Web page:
“… patients generally benefit when one physician understands their problems and manages all those problems. Yet our reimbursement system provides incentives against that rational system. Subspecialists can care for a single problem and receive the same (or greater) reimbursement for a visit.

If we want better quality, we must understand and learn how much time good quality takes. It will take more time for each visit, but I believe that time (and appropriate reimbursement) will be the key factor in improving health care. No other profession works under, or is asked to work under, such severe time pressures.”

It would be interesting to see how a similar health care quality study in the context of workers compensation would play out. The playing field is level among patients since work-related injuries are all covered by the same benefits, at least on a state by state basis. However, physician reimbursement is discounted right from the get-go, and networks often demand further discounts on top of that – hardly an incentive system designed to foster quality. The conventional wisdom would generally support the idea that an expert primary physician would produce the best outcomes. Fragmentation of care can be a significant issue, and it would appear that case management has evolved largely to address this and to ensure continuity of care, to expedite the recovery process, and to foster good communication across multiple providers.
Discounts continue to be one of the primary attributes that employers use as a purchasing criteria for medical care. If one accepts the premise that quality care translates to better outcomes – recovery and the return to work – then it would seem in everyone’s best interests to ensure quality. To ask physicians to do more — as they must by the very nature of workers compensation — and to do it for less seems like the wrong way to go about ensuring quality. Minimizing costs in workers compensation is largely contingent on aligning incentives for all participants – physicians are no exception.

News roundup: fraud, health care, compliance, and “quit complaining about your job!”

Tuesday, March 28th, 2006

Premium fraud – Misclassifying your employees can get you in trouble. Just ask the executives of Mayer Roofing, a southern California company that is facing a charge of premium fraud for allegedly listing workers as managers to get more favorable rates. Historically, this is one of the largest cases of premium fraud – the premium that was bilked may reach as high as $4.5 million.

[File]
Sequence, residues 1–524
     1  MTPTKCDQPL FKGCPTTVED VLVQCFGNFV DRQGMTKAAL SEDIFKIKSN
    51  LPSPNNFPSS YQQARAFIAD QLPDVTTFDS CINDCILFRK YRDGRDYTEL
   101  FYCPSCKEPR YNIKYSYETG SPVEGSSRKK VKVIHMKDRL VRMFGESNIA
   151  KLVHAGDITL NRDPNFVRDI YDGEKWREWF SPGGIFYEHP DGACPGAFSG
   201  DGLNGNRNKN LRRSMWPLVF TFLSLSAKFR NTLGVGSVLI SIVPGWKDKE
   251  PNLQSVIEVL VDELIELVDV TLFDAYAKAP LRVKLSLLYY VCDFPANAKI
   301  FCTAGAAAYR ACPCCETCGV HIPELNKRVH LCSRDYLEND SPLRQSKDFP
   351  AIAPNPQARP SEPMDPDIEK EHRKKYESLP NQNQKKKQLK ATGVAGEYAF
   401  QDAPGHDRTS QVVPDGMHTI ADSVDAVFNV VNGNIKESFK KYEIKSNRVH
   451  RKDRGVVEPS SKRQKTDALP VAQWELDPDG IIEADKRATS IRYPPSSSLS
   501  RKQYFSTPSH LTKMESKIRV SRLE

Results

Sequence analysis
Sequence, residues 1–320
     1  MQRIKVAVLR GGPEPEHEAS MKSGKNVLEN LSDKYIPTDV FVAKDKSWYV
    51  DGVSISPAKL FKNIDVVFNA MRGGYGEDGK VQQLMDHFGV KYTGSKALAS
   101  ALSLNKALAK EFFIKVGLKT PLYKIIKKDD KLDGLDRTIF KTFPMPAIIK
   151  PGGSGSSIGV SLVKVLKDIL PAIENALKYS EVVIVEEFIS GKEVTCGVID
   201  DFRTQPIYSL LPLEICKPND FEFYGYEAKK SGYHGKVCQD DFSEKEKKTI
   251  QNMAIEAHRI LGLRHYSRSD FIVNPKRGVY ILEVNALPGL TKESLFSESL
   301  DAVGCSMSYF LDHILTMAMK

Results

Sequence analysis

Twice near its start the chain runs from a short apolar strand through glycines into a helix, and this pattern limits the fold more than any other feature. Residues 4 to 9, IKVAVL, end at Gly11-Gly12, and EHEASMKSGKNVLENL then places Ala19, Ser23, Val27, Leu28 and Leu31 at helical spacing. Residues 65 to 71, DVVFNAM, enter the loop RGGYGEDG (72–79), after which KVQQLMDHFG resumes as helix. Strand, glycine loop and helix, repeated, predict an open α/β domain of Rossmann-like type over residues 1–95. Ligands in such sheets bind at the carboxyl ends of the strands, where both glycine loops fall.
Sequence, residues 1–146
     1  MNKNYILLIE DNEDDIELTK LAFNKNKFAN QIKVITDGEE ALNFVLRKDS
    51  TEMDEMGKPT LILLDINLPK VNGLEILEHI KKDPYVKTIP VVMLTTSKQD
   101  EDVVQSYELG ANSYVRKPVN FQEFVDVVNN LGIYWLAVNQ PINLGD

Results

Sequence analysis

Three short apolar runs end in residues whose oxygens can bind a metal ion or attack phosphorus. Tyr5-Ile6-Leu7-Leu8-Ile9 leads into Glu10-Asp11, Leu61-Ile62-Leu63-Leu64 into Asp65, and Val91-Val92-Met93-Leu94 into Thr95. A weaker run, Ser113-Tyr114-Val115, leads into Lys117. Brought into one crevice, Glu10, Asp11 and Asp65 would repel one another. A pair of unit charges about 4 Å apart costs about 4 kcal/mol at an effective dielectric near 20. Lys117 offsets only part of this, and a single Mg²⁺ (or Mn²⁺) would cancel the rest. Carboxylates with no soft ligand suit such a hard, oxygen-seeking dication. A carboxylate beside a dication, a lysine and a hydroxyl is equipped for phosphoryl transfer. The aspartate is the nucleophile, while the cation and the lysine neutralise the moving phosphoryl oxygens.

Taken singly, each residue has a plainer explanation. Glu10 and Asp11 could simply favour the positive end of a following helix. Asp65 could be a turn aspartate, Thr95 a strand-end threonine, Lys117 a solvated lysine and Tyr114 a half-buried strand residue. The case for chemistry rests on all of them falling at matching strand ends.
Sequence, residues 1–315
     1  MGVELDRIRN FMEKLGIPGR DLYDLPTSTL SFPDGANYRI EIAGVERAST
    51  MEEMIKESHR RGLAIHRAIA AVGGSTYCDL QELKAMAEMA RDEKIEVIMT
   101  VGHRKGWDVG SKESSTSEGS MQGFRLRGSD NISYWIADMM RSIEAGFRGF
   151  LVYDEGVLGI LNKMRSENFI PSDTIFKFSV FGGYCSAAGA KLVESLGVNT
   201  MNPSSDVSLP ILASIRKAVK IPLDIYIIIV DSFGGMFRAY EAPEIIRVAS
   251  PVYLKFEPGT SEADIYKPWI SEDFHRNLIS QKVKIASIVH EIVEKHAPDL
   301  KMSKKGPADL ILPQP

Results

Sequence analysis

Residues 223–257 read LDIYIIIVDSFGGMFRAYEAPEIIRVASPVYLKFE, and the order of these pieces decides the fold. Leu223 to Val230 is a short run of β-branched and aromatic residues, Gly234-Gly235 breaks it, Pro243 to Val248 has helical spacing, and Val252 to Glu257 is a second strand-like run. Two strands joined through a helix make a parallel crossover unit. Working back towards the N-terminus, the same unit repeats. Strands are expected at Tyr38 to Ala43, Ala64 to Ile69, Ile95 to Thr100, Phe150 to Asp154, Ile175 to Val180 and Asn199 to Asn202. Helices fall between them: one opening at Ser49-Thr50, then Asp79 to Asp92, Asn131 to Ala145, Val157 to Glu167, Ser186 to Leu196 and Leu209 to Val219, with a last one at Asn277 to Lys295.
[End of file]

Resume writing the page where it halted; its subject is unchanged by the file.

Health care costs – A survey of 500 small business owners in California indicates that health care tops list of business woes. The cost and availability of health care was of concern to 91% or respondents, topping workers comp and government regulations in terms of worrisome issues.
California – Joe Paduda looks at why California’s workers comp injury rate is dropping and the effect on rates: “California’s workers comp rate roller-coaster looks to be poised to make another steep drop. The combination of the national decrease in claims frequency and the impact of reforms have led to drastic decreases in comp rates, with more likely on the way.”
Compliance – When companies get big fines for safety or labor violations, these fines make headlines. But what gets little follow-up attention is how these fines are frequently uncollected or bargained down to a fraction of the original levy. Jottings By an Employer’s Lawyer points us to a recent story on how corporations regularly avoid large, highly publicized penalties for wrongdoing. Here’s an excerpt:

When nuclear labs around the country were found exposing workers to radiation and breaking other safety rules, assessments totaling $2.5 million were quickly ordered.
A gas pipeline company was fined $3 million after a gasoline spill and explosion in Washington state killed three young people. The penalty later was reduced by 92 percent.
When coal firms’ violations were blamed for deaths, injuries and risks to miners from Alabama to West Virginia, companies were slapped with more than $1.3 million in penalties.
What happened next with these no-nonsense enforcement measures? Not much. The pipeline tab was eventually reduced by 92 percent, the labs’ assessments were waived as soon as they were issued and the mine penalties largely went unpaid.

Jordan Barab tackles the accountability issue – or lack thereof – in his recent post on the anniversary Of The BP refinery explosion that Killed 15. How much of the $21.3 million fine will BP actually pay for violations that led to this tragedy?
It is apparently a week for anniversaries of work fatalities. March 27 was the 10-year anniversary of an explosion at the Beta Steel Mill in Indiana which killed 3 workers and injured 7 others. ‘We’ve never forgotten’ takes a look back at the tragedy and its aftermath.
BlogsWorkers Work is an interesting blog that covers a grab bag of work-related topics. Examples of recent posts include such interesting stories as 10% of telecommuters work nude and Jobs where women make more money than men.
Short takes:

Avian Flu: Unprepared for What Isn’t Coming?

Friday, March 24th, 2006